The Undeniable Fact About The “Cheap” Wood

There’s a “B” word that when mentioned puts the thought of “Eww!” into many bass player’s heads, and that word is basswood.

Why the “Eww”? Mainly because it’s such a common wood material used for guitar body building these days. And, of course, that means that it’s everywhere, including the cheap bass guitars as well as some expensive ones.

As a tonewood, basswood is considered by most players to be “okay”. Not necessarily bad and not necessarily good. Just “okay”.

You’ll notice that on pricier models by some major manufacturers that if the body material is in fact basswood, it’s barely mentioned or sometimes not mentioned at all. And that’s simply for the reason the “B” word for many means “cheap”, even though on expensive models that’s not the case at all. Yes, the body material on its own is inexpensive, but if there’s a lot of good craftsmanship around it, that justifies the higher cost for an upper-end model.

An example of “cheap wood, good craftsmanship” are some Japanese Fender Reissue bass guitars, several of which do in fact have basswood bodies. And Fender guitars made in Japan are known to be of good build quality, generally speaking.

There is however one undeniable fact about a basswood-bodied guitar that most people gloss over:

It’s weighted very well.

The one complaint you never hear about basswood is “it’s too heavy” or “it’s too light” concerning its weight when playing a basswood-bodied guitar sitting or standing.

The weight of basswood is very close to alder (also considered to be a very good choice, weight-wise), and for Fender-like builds, you can say “Eww!” to basswood all you want, but nobody can argue the “just right” weight of it when constructing standard body shapes.

Does weight truly matter that much?

You’re darned right it does.

What players like for body weights is something that for all intents and purposes feels like a natural extension of the player – with no neck dive, thank you very much. And it just so happens that basswood really fits the bill there.

Many of you have at some point probably played an exotic bass or two (meaning exotic woods were used). And with the exotics, a very common complaint is that the instrument is either too heavy or too light. Yeah, it’s got the picture-perfect craftsmanship, perfect frets, perfect sound and perfect everything… except for that darned weight.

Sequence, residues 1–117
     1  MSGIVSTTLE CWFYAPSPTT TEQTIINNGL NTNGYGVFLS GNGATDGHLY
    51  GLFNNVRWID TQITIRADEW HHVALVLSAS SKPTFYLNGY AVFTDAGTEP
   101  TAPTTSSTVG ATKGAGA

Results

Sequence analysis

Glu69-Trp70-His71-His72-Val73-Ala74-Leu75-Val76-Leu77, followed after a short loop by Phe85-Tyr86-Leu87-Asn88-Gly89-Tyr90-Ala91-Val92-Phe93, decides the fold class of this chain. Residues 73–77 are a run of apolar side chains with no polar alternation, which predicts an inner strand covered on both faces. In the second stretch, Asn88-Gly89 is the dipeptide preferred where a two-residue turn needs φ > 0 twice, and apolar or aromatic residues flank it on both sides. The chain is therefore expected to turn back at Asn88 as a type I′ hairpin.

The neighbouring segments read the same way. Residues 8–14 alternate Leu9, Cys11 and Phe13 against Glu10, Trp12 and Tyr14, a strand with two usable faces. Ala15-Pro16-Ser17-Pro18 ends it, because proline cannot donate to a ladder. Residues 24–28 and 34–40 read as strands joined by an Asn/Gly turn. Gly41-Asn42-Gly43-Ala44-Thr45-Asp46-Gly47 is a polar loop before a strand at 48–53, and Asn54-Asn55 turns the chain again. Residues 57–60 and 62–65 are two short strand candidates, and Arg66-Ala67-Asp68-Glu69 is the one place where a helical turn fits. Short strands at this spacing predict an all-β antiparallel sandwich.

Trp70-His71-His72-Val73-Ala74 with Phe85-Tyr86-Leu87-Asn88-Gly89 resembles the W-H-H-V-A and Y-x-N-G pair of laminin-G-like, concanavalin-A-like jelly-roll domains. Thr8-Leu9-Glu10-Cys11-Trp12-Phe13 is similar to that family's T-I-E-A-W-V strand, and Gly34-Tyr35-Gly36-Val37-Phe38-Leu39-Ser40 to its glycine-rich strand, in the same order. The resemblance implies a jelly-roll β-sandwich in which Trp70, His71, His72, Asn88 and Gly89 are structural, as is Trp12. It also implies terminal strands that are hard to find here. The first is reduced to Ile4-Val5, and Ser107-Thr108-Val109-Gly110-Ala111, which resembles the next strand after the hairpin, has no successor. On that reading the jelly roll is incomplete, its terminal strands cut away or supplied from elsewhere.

Here’s what happens with weights that don’t agree with you:

If the instrument is too heavy, the moment you stand with the instrument strapped on, you really feel the pull of the strap. That bothers you, and no matter what alternative strap you try (maybe the thicker/wider variety made of leather?), you feel that pull on the shoulder and there’s really nothing you can do about it.

If the instrument is too light, you either get “body slap” (the body pulls away and then slaps the body as you play the instrument), and/or whenever you turn while playing the instrument standing, the bottom of the body lifts away from you (which is very annoying).

Believe me, it’s a true disappointment when you strap on a $4,000 bass that was made with ultra-exotic wood materials only to find that no amount craftsmanship can fix a weight problem once the instrument is completed.

Not once have I ever heard any player complain about basswood concerning its weight. There’s just something about it that feels “just right”.

A few quick tips to those thinking of putting together a budget-build basswood-bodied bass guitar

1. Use a solid-color or “heavy sunburst” finish

You’re not going to get those cool grain lines out of basswood compared to other wood species, so going for a natural finish isn’t recommended. Stick to solid colors or a heavy sunburst (meaning a thick black outline with decidedly darker hues near the middle).

2. Know that basswood dents easily

This is one of the major complaints of basswood. The only advantage to an easy-dent wood is that it does make for an easy “relic” job, but chances are that’s probably not your style. When applying your finish, yes you are better off spraying on a few more coats to accommodate for the softer nature of basswood. While that won’t prevent denting, it at least slows it down.

(Tip: An advantage of the softer nature of basswood is that installing things like bridges and preamps that sometimes require wood removal will be easier to install.)

3. Flat finishes work very well on basswood

Many players like a super-glossy finish, but if you ever wanted to try your hand at a flat finish, basswood works very well here. Being that the grain is a bit “flat-looking” to begin with, you can get that super-smooth flat look with a basswood body fairly easily.

With flat finishes, colors that work well are charcoal (dark gray with hint of blue), “deep sea blue” (same as charcoal with more blue in it and a small amount of green), brown (slightly darker than the color of a walnut), dark pastel green (yes there is such a thing), and so on.

Of course, you don’t have to go totally flat. You can do your flat finish and then add on a light gloss so the body has some sheen to it.